Endocrinologists at Kaiser
The Parents Network >
Health & Medical >
Kaiser Doctors >
Endocrinologists at Kaiser
I need a good Kaiser endocrinologist to help manage my
thyroid issues (I have multinodular goiter for which I got
RAI in August). I've been seeing Dr. Peng in Oakland, but
although she's friendly, she gave me no information about
the after effects of radiation, she often doesn't answer my
email questions and she has refused to give me a standing
lab order to get my thyroid levels tested although it's
clear that I will need to be getting blood tests at least
semi-regularly for the rest of my life to monitor my thyroid
levels. So, I've been frustrated with the care I've been
Does anyone have any experiences positive or negative with
Dr. Amer Budayr? He's the other Oakland endocrinologist. For
that matter, if you know of a good Kaiser endocrinologist a
little further afield (e.g. Walnut Creek) I'd be willing to
go further if it meant good care.
Still Hoping for Good Medical Care
My aunt has been seeing Dr. Basina at Oakland Kaiser and
thinks she's nice and responsive. Good luck.
We have tried a few endocrinologists in the area for thyroid
issues and like Dr. Kershner at Kaiser Walnut Creek. We
also did not have a great experience with Dr. Cheng. Dr.
Kershner is very accessible - will return kp.org messages
right away and will make requested referrals, lab
requisitions, etc. Not sure about standing lab orders,
which would be a great idea, but am sure she would discuss
this with you. Good luck!
I can recommend my endocrinologist, Dr. Richard Kanter, in
SF. His bedside manner is not the absolute warmest, but it
seems more out of a slight awkwardness than coldness. Over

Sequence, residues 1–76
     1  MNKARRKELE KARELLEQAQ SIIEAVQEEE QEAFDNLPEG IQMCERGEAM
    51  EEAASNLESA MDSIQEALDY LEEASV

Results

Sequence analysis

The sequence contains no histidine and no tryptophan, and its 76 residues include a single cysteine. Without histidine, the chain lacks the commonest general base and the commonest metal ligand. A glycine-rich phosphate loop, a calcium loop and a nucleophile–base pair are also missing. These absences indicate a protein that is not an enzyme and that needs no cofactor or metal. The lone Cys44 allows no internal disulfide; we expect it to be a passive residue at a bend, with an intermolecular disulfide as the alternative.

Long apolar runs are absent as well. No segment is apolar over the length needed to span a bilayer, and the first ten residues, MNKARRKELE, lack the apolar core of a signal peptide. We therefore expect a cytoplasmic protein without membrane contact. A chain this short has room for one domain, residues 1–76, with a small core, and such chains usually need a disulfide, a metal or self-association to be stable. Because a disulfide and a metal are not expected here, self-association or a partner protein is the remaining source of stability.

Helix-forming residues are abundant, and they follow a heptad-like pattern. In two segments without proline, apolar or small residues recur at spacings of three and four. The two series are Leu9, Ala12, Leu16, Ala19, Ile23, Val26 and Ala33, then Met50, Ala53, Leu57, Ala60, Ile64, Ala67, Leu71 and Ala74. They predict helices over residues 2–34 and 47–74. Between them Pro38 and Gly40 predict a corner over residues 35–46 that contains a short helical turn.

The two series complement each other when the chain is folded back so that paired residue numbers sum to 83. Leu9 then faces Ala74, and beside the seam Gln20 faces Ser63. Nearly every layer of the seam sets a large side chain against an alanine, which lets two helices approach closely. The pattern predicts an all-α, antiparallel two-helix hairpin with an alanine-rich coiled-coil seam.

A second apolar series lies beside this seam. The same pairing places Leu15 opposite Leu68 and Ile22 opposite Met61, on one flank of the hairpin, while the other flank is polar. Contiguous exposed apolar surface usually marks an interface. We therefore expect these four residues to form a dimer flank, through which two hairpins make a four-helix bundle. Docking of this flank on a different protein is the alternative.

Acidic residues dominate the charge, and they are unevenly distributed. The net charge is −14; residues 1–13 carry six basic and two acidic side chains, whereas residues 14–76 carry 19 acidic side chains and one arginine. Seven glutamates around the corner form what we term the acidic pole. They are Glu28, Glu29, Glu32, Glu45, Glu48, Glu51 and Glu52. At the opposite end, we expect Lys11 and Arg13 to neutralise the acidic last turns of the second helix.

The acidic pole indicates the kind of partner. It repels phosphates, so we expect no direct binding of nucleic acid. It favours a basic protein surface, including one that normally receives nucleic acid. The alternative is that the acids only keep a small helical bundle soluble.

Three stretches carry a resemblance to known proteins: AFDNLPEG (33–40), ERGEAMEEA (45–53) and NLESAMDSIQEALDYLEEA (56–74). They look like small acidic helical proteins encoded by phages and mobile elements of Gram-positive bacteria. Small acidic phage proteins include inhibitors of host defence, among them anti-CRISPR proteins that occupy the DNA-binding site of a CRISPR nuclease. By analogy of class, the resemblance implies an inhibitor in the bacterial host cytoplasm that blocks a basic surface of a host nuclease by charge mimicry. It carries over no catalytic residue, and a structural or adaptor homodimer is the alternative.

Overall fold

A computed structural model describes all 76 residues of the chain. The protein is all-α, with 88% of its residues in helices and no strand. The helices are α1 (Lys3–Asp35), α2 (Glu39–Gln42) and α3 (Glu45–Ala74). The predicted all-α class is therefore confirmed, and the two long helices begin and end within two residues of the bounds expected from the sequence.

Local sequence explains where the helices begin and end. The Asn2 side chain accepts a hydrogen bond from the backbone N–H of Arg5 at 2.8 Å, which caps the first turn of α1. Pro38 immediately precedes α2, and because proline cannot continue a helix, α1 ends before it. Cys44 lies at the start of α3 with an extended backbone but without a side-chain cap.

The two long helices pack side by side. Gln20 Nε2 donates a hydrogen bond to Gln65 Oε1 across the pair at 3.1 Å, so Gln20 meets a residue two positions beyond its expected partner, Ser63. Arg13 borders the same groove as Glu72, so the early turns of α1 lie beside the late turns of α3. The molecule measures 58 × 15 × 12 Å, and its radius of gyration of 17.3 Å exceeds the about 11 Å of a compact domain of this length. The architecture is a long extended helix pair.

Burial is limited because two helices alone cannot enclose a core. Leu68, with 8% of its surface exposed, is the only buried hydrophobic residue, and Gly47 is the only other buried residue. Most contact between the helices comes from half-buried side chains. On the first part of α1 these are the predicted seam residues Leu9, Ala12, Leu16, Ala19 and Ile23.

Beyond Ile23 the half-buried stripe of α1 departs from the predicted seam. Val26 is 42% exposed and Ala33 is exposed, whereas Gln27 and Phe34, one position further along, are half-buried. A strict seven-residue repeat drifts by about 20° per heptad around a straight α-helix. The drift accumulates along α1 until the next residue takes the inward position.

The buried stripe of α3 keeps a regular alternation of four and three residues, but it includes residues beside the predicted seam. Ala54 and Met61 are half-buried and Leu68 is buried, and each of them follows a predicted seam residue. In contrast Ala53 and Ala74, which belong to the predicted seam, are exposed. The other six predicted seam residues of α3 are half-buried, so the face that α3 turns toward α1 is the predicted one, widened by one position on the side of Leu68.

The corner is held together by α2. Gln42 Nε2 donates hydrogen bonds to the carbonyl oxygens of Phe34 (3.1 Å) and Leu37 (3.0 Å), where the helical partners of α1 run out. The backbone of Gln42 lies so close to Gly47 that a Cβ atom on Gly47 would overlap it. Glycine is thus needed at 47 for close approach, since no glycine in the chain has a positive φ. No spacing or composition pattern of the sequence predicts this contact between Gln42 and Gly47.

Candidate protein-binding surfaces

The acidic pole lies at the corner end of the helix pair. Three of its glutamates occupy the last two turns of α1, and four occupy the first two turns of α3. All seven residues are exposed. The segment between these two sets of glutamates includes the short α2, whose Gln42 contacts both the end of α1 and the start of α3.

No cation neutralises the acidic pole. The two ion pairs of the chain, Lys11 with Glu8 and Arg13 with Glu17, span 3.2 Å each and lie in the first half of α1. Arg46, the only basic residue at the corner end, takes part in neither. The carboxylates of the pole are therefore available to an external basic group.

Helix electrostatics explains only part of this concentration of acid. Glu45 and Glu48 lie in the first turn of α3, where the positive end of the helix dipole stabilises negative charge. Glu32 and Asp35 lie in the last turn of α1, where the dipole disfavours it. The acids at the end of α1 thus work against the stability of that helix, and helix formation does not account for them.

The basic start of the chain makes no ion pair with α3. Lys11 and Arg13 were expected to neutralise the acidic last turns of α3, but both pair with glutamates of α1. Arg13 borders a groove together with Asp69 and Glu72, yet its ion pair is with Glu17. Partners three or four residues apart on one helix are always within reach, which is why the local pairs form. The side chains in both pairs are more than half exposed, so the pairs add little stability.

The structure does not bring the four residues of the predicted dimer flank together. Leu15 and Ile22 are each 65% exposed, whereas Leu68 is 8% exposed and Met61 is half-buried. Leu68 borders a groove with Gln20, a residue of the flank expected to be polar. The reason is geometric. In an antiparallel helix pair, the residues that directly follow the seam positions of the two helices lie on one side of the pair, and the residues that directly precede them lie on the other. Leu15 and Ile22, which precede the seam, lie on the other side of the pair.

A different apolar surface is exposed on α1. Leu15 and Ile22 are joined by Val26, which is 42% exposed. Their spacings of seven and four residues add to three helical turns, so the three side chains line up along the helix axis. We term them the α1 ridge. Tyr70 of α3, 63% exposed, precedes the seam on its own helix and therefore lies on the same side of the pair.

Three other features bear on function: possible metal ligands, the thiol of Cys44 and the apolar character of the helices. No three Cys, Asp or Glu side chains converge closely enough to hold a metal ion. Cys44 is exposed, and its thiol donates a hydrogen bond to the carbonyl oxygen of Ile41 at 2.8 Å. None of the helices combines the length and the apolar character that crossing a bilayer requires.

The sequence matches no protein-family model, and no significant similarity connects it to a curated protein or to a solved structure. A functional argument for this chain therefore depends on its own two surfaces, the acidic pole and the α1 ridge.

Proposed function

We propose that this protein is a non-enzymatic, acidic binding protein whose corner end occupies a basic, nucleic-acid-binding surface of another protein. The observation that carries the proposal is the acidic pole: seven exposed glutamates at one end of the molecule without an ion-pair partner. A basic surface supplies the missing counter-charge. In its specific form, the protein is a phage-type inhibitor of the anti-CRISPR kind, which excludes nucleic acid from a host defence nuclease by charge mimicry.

the years I have come to realize that he is very nice man;
more importantly, he is very responsive. He returns emails
promptly and if you leave your phone number he will call
you back. I do not feel rushed in my appointments.
Has anyone here taken their child to see one of the pediatric
endocrinologists at Kaiser? Can someone recommend a good one or,
conversely, those to avoid? I'm shopping around for a new person.
My kid went to Yvette Fan at Oakland. I can recommend her without
reservation. There are a couple down in Santa Teresa that are good, but I
don't remember their names.
Dr Fan at Kaiser Oakland is excellent. Our daughter began to see her a year
ago for premature signs of puberty. She is knowledgable, thorough,
personable and very interactive with my daughter (she sat on the floor at
her first visit and played with her to get aquainted). We now see her every
6 mos and it is always a pleasant experience. She really seems to know her
stuff and practices medicine like a parent. She gets my highest praise!
Dr. Yvette Fan - Simply the best.
My daughter was suspected of having early onset puberty - we had a referral
for Dr. Fan. Although my daughter was only 6 1/2, Dr. Fan explained the
endocrine system in a way my daughter could understand, explained to her
that she would have a variety of blood tests and also that there would be a
follow-up appointment to talk about the results. Because of the simple
straight-forward, gentle way it was explained, my daughter will now have
blood tests quickly and easily.
In the end, my daughter did not have early on-set puberty; however Dr. Fan
had 3 appointments 6 months apart to assure my daughter all was well with
her body. At no point did my daughter feel like a freak or that something
was wrong. She did feel like she could work with Dr. Fan to make her body
''the best it could be.''
Dr. Fan fan
I've read a few discussions on this listserve about the normal
TSH range having been recently revised. My TSH is about 4.6 and
I've been told by my Kaiser Oakland doctor (through a note, of
course) that this level is within normal bounds. However, I have
heard that 3.0 is now the newly revised upper limit for
''normal'' TSH tests. I still have symptoms of hypothyroidism and
don't feel 100% (as apparently 2/3 people on synthetic hormone
feel). I would like help on how to get my Kaiser doctor to
acknowledge the new norm, and to get perscriptions for thyroid
medication (such as Armour) that has T4 and T3.
Has anyone been successful in getting their Kaiser Oakland doctor
to adopt this treatment plan for those with hypothyroidism? Who
was your doctor and what did you say to them? Did you go to a